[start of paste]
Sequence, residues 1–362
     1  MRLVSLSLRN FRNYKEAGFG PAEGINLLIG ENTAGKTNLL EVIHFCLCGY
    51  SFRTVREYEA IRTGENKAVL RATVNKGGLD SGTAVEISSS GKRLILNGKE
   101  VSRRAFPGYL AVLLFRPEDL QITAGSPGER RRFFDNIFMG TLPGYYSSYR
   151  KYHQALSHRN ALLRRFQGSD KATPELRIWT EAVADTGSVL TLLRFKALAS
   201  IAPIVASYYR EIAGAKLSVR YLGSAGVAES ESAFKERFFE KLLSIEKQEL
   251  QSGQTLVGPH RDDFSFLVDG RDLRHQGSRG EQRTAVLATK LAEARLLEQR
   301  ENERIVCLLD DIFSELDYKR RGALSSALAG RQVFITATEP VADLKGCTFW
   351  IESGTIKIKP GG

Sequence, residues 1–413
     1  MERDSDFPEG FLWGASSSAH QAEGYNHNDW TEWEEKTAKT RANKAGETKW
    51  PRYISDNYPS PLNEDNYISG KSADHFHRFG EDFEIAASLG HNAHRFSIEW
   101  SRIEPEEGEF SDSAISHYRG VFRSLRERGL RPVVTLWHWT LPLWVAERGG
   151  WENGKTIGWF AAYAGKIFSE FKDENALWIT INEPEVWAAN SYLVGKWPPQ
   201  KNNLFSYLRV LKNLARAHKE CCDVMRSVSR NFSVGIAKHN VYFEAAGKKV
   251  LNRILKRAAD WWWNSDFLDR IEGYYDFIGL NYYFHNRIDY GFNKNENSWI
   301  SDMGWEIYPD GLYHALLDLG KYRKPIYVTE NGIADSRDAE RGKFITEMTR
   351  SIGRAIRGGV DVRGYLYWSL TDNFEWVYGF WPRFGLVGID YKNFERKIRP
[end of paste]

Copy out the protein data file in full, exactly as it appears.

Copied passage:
Sequence, residues 1–362
     1  MRLVSLSLRN FRNYKEAGFG PAEGINLLIG ENTAGKTNLL EVIHFCLCGY
    51  SFRTVREYEA IRTGENKAVL RATVNKGGLD SGTAVEISSS GKRLILNGKE
   101  VSRRAFPGYL AVLLFRPEDL QITAGSPGER RRFFDNIFMG TLPGYYSSYR
   151  KYHQALSHRN ALLRRFQGSD KATPELRIWT EAVADTGSVL TLLRFKALAS
   201  IAPIVASYYR EIAGAKLSVR YLGSAGVAES ESAFKERFFE KLLSIEKQEL
   251  QSGQTLVGPH RDDFSFLVDG RDLRHQGSRG EQRTAVLATK LAEARLLEQR
   301  ENERIVCLLD DIFSELDYKR RGALSSALAG RQVFITATEP VADLKGCTFW
   351  IESGTIKIKP GG

Sequence, residues 1–413
     1  MERDSDFPEG FLWGASSSAH QAEGYNHNDW TEWEEKTAKT RANKAGETKW
    51  PRYISDNYPS PLNEDNYISG KSADHFHRFG EDFEIAASLG HNAHRFSIEW
   101  SRIEPEEGEF SDSAISHYRG VFRSLRERGL RPVVTLWHWT LPLWVAERGG
   151  WENGKTIGWF AAYAGKIFSE FKDENALWIT INEPEVWAAN SYLVGKWPPQ
   201  KNNLFSYLRV LKNLARAHKE CCDVMRSVSR NFSVGIAKHN VYFEAAGKKV
   251  LNRILKRAAD WWWNSDFLDR IEGYYDFIGL NYYFHNRIDY GFNKNENSWI
   301  SDMGWEIYPD GLYHALLDLG KYRKPIYVTE NGIADSRDAE RGKFITEMTR
   351  SIGRAIRGGV DVRGYLYWSL TDNFEWVYGF WPRFGLVGID YKNFERKIRP